Arthur Hackney Biography

Arthur Hackney




Arthur Hackney was born in 1925 in Stainforth, Yorkshire. The second of five brothers, including younger sibling artist Alfred Hackney, he left his family's poverty at age eleven to apprentice as a decorative pottery engraver at the Johnson Brothers firm. That same year, after submitting a drawing of a daffodil, he was accepted as a part-time student at Burlsem School of Art. Encouraged by his teacher, watercolorist Reginald C. Haggar, he applied and was accepted to the Royal College of Art in 1943, even managing to defer his war time draft for two weeks to take the entrance exam. In fact, it was while he was in Boston as a member of the HMS Cotton crew that he learned of his acceptance, though it would be another three years until he was able to begin his studies there.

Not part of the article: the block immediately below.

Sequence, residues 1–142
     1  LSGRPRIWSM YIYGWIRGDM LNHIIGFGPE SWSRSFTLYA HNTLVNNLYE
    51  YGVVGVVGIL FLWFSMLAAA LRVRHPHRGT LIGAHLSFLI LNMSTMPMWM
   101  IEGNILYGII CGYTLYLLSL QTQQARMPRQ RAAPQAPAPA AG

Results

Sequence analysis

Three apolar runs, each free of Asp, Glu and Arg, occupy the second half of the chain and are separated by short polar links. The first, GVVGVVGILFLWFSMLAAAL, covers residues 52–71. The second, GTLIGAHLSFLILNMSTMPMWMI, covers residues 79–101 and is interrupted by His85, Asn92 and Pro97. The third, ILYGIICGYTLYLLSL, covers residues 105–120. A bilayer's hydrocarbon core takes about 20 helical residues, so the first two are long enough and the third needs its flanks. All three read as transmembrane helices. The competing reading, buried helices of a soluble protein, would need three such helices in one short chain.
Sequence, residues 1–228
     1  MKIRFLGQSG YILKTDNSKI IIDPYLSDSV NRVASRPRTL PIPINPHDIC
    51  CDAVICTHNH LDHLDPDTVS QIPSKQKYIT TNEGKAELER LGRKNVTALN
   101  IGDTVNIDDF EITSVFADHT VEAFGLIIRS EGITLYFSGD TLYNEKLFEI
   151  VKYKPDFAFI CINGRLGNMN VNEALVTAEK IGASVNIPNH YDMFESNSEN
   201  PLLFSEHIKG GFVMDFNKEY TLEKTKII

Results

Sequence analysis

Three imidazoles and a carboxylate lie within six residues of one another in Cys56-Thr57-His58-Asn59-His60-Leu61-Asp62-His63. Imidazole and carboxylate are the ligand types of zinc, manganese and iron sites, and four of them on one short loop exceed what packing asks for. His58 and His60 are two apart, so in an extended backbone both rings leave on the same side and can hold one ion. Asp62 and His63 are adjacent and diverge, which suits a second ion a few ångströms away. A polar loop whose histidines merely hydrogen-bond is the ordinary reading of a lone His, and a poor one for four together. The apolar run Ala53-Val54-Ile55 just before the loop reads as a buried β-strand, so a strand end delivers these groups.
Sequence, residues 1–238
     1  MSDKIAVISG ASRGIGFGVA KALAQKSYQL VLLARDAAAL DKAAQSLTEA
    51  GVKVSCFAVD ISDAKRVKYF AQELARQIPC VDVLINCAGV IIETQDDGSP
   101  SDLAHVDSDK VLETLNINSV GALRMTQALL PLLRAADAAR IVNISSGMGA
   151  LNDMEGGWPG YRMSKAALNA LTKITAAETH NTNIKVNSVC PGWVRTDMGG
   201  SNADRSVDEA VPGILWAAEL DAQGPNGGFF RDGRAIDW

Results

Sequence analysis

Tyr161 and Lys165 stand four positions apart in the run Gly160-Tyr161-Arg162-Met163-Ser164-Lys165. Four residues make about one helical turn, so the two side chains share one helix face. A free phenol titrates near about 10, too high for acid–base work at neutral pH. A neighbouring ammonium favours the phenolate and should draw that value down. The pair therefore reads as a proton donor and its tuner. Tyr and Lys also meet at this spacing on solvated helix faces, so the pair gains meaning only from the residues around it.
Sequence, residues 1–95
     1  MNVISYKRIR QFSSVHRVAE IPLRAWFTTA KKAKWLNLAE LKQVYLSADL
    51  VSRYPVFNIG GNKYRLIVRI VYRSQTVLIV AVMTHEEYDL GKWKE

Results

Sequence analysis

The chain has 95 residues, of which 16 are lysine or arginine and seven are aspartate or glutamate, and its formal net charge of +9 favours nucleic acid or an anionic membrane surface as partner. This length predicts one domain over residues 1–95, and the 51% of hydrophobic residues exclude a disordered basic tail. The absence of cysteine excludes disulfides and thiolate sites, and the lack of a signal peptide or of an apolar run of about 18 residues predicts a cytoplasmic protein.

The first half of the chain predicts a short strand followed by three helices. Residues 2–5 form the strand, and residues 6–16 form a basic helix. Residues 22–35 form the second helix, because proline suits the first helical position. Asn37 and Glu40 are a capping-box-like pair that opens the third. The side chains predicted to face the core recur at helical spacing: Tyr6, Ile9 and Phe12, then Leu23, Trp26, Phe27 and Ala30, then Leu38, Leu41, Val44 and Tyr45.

He entered the engraving department, headed by celebrated printmaker Robert Austen. Hackney earned a scholarship to study in France and Italy for a year, and upon graduating in 1949 he took up a post as lecturer at West Surry College of Art and Design. There he would remain for the rest of his career, becoming head of the printmaking department and Deputy Head of Fine Arts, evetually helping to establish the photography department as well.

Hackney was a member of the Royal Society of Painter-Etchers and Engravers and the Royal Watercolour Society. His work can be found at the Victoria and Albert Museum, the Ashmolean Museum, Oxford, London County Council, the art galleries of Bradford, Wakefield, Nottingham, Keighley, Sheffield and Preston and the City Art Gallery in the Potteries, as well as in the Art Gallery of Wellington in New Zealand.

Arthur Hackney died in Guildford, Surrey, in May of 2010.